Much of a Council's income comes from taxes on property (land and buildings) called rates. Each year owners of property - including houses, farms and businesses - must pay rates to the Council. The amount paid depends on the value of their property. For example, the amount of rates paid by the owner of a house or flat will be much less than the amount paid by the owner of a large property or business.
There are some organisations, however, that are either not required to pay rates at all on their property or pay a significantly reduced amount in Council rates. Organisations that fall into this category include the State and Federal Governments, charities, churches, hospitals and schools.
Before collecting any rates a Council first establishes exactly what services will be provided in the next financial year and how much those services are expected to cost. It formally adopts a budget. Within this budget the amount of money that will be collected from other sources is estimated. The Council can then work out how much money must be collected from the community in the form of Council rates to balance its budget. The Council discussions are open to the public and the budget is available to the public.
Councils must follow rules set out in the Local Government Act 1999. Within this framework there is some degree of flexibility to allow Councils to take into account local issues. Therefore, the way one Council sets its rates may be different to that of another Council and the level of rates overall reflects different costs and service provision levels (e.g. some Councils run a swimming pool and some don't).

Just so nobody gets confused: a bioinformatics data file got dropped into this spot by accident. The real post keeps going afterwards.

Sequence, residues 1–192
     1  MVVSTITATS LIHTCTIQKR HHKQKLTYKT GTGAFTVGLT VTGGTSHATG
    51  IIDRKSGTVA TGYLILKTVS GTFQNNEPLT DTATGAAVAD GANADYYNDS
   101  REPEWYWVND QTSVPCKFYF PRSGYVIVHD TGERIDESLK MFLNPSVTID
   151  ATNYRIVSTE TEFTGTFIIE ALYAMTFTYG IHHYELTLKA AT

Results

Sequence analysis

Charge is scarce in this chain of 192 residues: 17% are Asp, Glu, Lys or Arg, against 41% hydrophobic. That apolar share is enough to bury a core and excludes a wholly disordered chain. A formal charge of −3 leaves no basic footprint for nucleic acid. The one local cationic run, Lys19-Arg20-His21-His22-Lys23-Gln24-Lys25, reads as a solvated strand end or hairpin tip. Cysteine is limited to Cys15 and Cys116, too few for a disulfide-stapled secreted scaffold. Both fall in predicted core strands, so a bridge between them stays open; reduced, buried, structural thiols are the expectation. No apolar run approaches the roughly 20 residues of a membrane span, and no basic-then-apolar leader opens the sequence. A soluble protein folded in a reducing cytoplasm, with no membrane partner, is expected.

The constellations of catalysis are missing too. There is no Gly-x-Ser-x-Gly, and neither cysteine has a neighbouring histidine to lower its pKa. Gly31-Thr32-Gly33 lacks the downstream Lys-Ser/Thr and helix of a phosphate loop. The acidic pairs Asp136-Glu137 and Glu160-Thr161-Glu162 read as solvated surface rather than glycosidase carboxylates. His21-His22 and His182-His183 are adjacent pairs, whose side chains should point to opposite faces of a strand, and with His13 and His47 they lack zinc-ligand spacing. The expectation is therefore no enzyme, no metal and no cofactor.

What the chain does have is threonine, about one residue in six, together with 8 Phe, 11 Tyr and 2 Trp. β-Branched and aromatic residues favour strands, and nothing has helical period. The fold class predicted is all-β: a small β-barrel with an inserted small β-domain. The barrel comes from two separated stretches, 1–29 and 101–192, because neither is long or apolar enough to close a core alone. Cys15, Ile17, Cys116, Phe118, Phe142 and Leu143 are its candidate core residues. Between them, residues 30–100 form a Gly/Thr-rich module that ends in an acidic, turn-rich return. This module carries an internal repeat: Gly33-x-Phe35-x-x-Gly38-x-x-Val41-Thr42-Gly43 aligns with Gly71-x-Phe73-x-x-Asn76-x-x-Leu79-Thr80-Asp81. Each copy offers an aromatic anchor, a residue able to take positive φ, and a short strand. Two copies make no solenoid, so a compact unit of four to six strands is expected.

A Council must set a "policy" on how it will determine rates. This is a broad statement by the Council of the approach that it will take and the reasons for this. This process helps to ensure community accountability. After a Council sets its rates for the year it sends out a "rates notice" or invoice setting out how the rates can be paid. Included with this notice is a brief summary of the Council's rating policy and information on where the full policy document can be seen.
Councils determine how much each ratepayer pays in rates by taking into account property values in the area. The property values used by Councils are usually those set by the Valuer-General. If you believe the value set is inaccurate, you can object.
There are three possible types of valuations available to Councils, which are:
Failure to pay rates can result in a debt which becomes a "charge" against the land. This means that the debt will transfer to any subsequent owners of the property. In extreme cases, a council can sell a property to recover unpaid rates.
For more information on how Councils determine rates there are a series of fact sheets at the Local Government Association of South Australia website.